The literary canon is made up of those texts that have become central to the imagination of successive generations of writers, are taught in schools and universities, and contribute to a certain national self-understanding. They comprise an authoritative tradition. The pre-eminent authors of the English literary canon are Chaucer, Shakespeare, and Dickens. Anti-Semites take pleasure in the fact they are also the pre-eminent authors of the English literary anti-Semitic canon.
Julius is referring to Chaucer’s The Prioress’s Tale, Shakespeare’s The Merchant of Venice and Dickens’s Oliver Twist. He traces the English literary antisemitic canon from the first tellings of the blood libel in medieval English literature to the “contemporary moment”. The chapter concludes with Seven Jewish Children; but one of the earliest episodes explored by Julius comes from Lincoln.
The popular English ballad, Sir Hugh, or the Jew’s Daughter, was based on the 1255 Lincoln blood libel, one of the best-known and most enduring of the medieval English blood libels against Jews. The actual story of the blood libel began in July 1255, when an eight or nine year old boy called Hugh disappeared in Lincoln. When his body was discovered a month later near the property of a Jewish resident of Lincoln named Jopin, the Jews of Lincoln were collectively accused of having kidnapped, tortured, crucified, killed and disembowelled him. Jopin was executed; 91 of the town’s Jews were then put on trial, 18 of whom were also executed. “Henry III”, writes Julius, “was the first monarch to have had Jews executed for ritual murder.” As with much medieval English antisemitism, the persecution came with economic benefits for the King and others. Lincoln Cathedral built a shrine to Hugh, which drew pilgrims for centuries afterwards.
In the version of the story told in the ballad of Sir Hugh, or the Jew’s Daughter, the boy accidentally kicks a ball through the window of a Jew’s house, and goes to ask for it back. The Jew’s daughter entices him into the house, then stabs him to death and disposes of the body. The child bleeds to death, as described in these terms:
And first came out the thick, thick blood,
And syne came out the thin;
And syne came out the bonny heart’s blood;
There was nae mair within.
When Hugh fails to return home and his mother goes to look for him, his dead body miraculously calls out to alert her to its location.
Versions of the ballad endured as popular oral tradition well into the 2oth century. Contemporary versions – without the Jewish aspect – were put to music by Benjamin Britten and Steeleye Span. It is mentioned in Chaucer’s The Prioress’s Tale – “O yonge Hugh of Lyncoln, slayn also / With cursed Jewes, as it is notable” – itself a blood libel story. For Julius, the ballad “may be regarded both as an initial episode and as a continuing episode, because by its longevity it continuously accompanies the development of English literary anti-Semitism.” It was only in the 1950s that the shrine to Hugh was removed from Lincoln Cathedral and replaced with this notice:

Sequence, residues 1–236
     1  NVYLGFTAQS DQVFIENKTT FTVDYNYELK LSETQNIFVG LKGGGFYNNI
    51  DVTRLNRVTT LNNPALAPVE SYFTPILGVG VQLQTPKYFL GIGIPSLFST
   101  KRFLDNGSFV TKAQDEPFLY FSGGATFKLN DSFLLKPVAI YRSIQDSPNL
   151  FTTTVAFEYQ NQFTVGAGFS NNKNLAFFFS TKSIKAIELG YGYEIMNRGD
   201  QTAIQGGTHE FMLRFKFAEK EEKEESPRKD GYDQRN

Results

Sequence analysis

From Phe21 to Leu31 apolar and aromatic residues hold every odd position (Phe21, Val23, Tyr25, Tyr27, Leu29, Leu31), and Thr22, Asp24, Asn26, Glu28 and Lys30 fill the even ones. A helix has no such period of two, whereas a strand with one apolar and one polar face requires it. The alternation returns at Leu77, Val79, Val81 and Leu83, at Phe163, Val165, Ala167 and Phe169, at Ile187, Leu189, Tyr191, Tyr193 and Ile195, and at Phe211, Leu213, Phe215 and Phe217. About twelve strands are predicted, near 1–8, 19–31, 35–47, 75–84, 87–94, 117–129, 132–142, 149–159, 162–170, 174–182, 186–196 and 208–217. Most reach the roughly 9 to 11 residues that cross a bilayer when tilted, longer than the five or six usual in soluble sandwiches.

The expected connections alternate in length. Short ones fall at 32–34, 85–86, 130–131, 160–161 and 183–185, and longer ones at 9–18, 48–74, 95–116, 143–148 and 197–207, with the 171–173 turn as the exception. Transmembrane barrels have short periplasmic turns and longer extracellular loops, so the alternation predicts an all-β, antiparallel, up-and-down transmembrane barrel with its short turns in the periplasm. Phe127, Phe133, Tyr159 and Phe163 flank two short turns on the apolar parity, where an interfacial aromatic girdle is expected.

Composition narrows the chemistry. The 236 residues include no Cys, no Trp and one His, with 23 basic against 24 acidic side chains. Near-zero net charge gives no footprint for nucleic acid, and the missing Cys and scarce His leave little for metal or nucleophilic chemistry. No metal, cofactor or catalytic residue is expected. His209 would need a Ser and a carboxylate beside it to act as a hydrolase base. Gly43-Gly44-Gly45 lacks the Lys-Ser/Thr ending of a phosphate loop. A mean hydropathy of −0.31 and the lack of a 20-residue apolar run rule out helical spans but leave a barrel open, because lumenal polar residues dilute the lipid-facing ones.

By the remains of the shrine of “Little St. Hugh”
Trumped up stories of ‘ritual murders’ of Christian boys by Jewish communities were common throughout Europe during the Middle Ages and even much later. These fictions cost many innocent Jews their lives. Lincoln had its own legend and the alleged victim was buried in the Cathedral in the year 1255.
Such stories do not redound to the credit of Christendom, and so we pray:
Lord, forgive what we have been, amend what we are, and direct what we shall be.
It is not possible to know whether the staff or students at the University of Lincoln know the history of Lincoln’s blood libel, or the role it played in creating and sustaining a tradition of English literary antisemitism. It is possible that they are familiar with that history but do not consider it relevant to Seven Jewish Children, even though Seven Jewish Children, like Sir Hugh, or the Jew’s Daughter, is based on the juxtaposition of Jewish and non-Jewish children, with the latter left covered in their own blood.
A symposium in Lincoln on Caryl Churchill’s work, with an associated performance of Seven Jewish Children, could provide the perfect opportunity to explore the idea that Seven Jewish Children falls into a tradition of antisemitic literature that found one of its earliest expressions in a story about events in Lincoln some 750 years ago. We do not know what papers have been submitted to the symposium, nor what the keynote speaker, Professor Elaine Aston of Lancaster University, plans to say. But its organiser, Dr Sian Adiseshiah, did touch on this argument in her recent work, Churchill’s Socialism: Political Resistance in the Plays of Caryl Churchill. And what did Adiseshiah have to say about the idea that Seven Jewish Children evokes the master myth of English antisemitism, the blood libel, a myth that has framed an entire tradition of antisemitic English literature, which stretches back to the twelfth century and encompasses some of England’s greatest writers?
Of course, the play was accused by some of being anti-semitic, an accusation seemingly difficult to avoid for those campaigning against Israeli occupation and expressing Palestinian solidarity.